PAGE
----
But let’s be clear. This investigation is not really about the contract terms and it’s not about entry deterrence. It is, as always, about price. In fact, a few years ago AT&T submitted a request to eliminate some of the conditions and terms that the Commission now seeks to investigate. You’d think the complainers would be happy, but no. The buyers—the same ones now calling for the FCC investigation—went nuts in opposition because, they claimed, “AT&T’s elimination of the discount plans effectively results in substantial price increases for special access customers.” And the FCC’s response? Heeding such complaints, the Commission suspended those very tariffs and launched an investigation.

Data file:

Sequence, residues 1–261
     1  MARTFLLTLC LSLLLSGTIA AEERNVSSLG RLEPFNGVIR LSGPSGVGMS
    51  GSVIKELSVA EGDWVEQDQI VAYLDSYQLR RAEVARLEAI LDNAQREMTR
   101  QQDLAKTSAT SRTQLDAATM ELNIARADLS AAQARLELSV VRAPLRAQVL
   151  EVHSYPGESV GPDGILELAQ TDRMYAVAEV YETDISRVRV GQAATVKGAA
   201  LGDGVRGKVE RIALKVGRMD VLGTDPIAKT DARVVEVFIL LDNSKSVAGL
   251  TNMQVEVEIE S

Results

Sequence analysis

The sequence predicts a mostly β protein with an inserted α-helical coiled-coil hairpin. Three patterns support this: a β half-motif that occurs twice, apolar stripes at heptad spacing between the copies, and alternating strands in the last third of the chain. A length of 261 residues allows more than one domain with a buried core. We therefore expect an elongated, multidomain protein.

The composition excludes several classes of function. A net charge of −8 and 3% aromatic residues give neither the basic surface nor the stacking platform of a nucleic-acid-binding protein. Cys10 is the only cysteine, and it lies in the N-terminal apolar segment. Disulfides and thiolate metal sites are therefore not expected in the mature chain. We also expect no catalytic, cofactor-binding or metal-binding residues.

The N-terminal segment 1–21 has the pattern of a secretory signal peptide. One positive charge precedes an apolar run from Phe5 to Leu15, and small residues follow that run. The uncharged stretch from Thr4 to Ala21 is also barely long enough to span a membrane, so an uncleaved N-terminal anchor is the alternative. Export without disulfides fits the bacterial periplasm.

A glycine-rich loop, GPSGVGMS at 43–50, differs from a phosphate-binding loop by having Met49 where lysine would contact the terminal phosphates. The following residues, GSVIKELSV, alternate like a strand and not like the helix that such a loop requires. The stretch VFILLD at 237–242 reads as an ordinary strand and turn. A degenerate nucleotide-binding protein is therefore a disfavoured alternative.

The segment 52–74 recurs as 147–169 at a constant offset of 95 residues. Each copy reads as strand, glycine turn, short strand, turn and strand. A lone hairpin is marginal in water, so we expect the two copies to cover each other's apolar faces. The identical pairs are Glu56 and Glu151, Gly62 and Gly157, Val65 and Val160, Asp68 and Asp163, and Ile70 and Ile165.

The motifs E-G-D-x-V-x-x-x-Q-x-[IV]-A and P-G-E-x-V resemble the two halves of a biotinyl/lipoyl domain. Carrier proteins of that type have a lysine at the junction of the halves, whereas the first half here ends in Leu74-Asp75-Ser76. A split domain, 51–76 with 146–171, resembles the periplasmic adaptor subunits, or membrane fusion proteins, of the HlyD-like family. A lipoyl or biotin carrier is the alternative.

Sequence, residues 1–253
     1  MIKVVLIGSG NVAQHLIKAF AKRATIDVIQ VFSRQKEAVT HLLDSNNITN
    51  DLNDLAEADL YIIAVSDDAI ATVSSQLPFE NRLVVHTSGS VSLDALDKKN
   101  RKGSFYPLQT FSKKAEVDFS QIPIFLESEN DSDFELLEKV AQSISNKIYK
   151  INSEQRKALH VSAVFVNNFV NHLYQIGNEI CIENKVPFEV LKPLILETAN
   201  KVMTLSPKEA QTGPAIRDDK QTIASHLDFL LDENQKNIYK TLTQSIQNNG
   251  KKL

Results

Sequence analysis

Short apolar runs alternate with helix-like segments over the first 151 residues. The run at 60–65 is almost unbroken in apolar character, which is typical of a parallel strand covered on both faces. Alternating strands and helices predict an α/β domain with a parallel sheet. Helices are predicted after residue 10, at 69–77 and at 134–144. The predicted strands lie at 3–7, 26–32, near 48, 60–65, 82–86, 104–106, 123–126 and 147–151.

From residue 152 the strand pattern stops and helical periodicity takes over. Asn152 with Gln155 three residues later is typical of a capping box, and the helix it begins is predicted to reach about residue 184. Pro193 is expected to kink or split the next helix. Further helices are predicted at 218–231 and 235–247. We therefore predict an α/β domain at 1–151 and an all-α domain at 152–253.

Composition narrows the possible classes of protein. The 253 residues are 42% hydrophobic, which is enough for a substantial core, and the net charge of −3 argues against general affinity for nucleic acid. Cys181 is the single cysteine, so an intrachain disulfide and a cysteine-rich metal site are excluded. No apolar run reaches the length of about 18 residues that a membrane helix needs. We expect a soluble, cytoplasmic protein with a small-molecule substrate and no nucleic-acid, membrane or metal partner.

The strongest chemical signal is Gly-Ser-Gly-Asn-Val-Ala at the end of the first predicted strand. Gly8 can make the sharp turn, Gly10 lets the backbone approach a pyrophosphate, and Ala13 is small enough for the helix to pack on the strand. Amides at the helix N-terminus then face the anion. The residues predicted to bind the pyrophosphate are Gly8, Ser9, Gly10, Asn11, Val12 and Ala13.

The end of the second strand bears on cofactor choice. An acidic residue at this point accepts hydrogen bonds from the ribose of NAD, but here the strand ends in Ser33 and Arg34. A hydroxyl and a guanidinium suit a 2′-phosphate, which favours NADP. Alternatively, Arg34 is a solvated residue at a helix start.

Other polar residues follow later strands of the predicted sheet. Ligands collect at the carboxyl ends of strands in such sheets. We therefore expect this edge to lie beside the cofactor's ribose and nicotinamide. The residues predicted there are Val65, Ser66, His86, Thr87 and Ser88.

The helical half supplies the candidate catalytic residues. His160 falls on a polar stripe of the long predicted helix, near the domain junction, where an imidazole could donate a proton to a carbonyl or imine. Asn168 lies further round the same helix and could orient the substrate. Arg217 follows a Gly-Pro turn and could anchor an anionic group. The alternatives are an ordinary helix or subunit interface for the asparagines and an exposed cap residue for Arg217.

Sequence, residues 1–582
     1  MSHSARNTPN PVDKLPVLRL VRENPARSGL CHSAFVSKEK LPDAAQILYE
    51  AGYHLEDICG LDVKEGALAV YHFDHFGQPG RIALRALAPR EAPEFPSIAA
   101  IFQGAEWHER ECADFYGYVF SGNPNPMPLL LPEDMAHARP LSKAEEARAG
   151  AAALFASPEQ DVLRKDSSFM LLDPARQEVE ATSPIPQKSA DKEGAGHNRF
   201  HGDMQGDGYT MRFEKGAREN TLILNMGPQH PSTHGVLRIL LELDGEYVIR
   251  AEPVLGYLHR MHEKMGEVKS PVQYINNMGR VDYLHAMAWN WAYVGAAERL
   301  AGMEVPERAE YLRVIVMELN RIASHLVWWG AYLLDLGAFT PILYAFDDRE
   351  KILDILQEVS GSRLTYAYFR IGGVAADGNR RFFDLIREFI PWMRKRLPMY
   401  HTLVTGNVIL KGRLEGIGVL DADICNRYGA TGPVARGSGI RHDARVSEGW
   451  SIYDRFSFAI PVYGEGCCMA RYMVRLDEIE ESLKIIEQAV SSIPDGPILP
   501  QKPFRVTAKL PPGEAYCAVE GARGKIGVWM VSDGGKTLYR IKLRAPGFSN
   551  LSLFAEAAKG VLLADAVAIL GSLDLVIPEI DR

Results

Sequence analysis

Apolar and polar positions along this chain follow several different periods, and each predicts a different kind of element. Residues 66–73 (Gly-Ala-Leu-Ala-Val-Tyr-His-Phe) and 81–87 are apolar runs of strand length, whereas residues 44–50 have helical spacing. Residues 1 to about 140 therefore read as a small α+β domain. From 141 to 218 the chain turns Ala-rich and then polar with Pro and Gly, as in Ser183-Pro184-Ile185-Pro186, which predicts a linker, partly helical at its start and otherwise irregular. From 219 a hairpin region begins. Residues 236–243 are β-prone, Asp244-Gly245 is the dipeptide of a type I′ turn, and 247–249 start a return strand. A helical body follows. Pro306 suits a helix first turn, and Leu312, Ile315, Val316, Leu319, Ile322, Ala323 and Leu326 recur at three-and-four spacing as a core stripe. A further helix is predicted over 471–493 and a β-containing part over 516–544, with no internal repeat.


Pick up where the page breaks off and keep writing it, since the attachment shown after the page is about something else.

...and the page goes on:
The opposition to AT&T’s proposal says a lot about the present investigation. We can break this issue down like this. Say a regulated communications firm offers a rack-rate of $100 for a service. This service can be acquired without any special terms. Alternately, the regulated firm offers the same service for $75 if the buyer agrees to a set of terms, which I’ll just label X for convenience. Assume, for argument’s sake, that the regulator decides that the term set X is unreasonable and forbids it. If so, the most obvious result would be that the buyer would be stuck with paying the no-terms price of $100 for the service.